Background: Olfactory receptor neurons (ORNs) undergo apoptosis at a baseline rate even in the absence of obvious disease. Although the precise triggers of the apoptotic cascade are unclear, ORNs are exposed directly to the external environment, making them susceptible to injury. As an adaptive mechanism, mammals have the ability to replace lost ORNs throughout adult life from neuronal precursors within the olfactory epithelium (OE). In humans, this process fails with age as the surface area of the OE and the number of ORNs decline, coupled with a loss of clinical olfactory function. The question addressed in this study is whether this age-related failure of olfactory sensation is a result of a decrease in neuronal proliferation or an increase in ORN cell death. Methods: To begin to address this question the ribonuclease protection assay was used to assess expression of apoptosis-related genes in rat OE as a function of age. Second, the terminal deoxynucleotide transferase end labeling assay was used to assess the percentage of ORNs undergoing apoptosis (apoptotic index) in three groups of animals: young (12 weeks), old (32 months), and bulbectomized rats. Bulbectomy is a standard model for ORN injury associated with a massive increase in ORN apoptosis and serves as a positive control. Results: Ribonuclease protection assay data indicate an age-related increase in Bax, Bcl-xL, and procaspase-3 messenger RNA expression in aged compared with young rats. A similar but more pronounced increase in expression of these apoptotic-related genes is seen after bulbectomy. The terminal deoxynucleotide transferase end labeling assay also showed a statistically significant increase in the apoptotic index with both age and bulbectomy. Conclusion: Taken together, the current results indicate that aging and injury induce parallel changes in OE. Furthermore, these findings support the hypothesis that age-related olfactory dysfunction is, at least in part, related to an increase in ORN cell death.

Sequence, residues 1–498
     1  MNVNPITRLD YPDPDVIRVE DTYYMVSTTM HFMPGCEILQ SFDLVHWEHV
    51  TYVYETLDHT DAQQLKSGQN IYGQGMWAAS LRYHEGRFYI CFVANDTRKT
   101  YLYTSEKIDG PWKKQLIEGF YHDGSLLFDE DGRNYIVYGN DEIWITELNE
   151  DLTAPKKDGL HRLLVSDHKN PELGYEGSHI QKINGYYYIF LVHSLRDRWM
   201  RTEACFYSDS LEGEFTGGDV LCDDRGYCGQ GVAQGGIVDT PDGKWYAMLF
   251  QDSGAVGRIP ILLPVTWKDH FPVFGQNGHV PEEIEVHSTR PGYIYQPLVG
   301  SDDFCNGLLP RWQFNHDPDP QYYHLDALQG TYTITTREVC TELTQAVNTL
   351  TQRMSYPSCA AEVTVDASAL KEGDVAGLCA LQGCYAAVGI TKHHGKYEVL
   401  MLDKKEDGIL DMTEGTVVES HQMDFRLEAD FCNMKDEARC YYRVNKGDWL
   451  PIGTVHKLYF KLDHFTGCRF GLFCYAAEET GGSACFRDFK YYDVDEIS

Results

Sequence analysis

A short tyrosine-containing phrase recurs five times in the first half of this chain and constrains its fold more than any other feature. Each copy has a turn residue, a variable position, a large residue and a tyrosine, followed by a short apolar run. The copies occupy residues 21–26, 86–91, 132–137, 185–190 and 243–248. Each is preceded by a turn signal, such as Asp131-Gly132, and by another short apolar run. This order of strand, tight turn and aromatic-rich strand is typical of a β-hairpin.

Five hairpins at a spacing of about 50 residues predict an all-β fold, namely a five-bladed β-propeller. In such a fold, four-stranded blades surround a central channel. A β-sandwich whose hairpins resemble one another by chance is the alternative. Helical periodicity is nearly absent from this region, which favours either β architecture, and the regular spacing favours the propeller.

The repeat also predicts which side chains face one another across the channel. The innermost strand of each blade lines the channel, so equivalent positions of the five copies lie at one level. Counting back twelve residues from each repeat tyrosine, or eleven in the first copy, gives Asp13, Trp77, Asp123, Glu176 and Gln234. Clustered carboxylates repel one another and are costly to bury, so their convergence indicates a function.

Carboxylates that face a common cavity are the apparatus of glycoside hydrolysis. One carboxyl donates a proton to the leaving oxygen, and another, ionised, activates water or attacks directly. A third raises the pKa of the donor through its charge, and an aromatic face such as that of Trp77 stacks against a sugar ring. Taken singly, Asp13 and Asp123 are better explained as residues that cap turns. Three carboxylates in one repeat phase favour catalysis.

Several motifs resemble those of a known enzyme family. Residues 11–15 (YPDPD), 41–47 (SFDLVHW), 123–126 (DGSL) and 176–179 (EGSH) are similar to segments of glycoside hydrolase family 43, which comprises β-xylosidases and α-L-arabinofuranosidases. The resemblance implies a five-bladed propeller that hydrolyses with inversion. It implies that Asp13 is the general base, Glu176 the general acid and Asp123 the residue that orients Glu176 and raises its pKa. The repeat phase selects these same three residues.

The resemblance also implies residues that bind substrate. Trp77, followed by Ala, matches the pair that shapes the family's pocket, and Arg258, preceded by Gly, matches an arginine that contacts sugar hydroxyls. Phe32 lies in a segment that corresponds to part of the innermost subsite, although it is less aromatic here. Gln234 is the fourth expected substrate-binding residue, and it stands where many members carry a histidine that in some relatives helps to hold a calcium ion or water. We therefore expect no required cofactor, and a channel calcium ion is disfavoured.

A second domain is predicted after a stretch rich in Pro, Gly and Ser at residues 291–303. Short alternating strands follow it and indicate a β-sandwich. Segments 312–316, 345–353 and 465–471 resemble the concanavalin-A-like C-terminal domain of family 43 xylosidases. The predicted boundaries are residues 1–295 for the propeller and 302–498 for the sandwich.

|Original language||English (US)|
|Number of pages||7|
|Journal||American Journal of Rhinology|
|State||Published - May 1 2003|
ASJC Scopus subject areas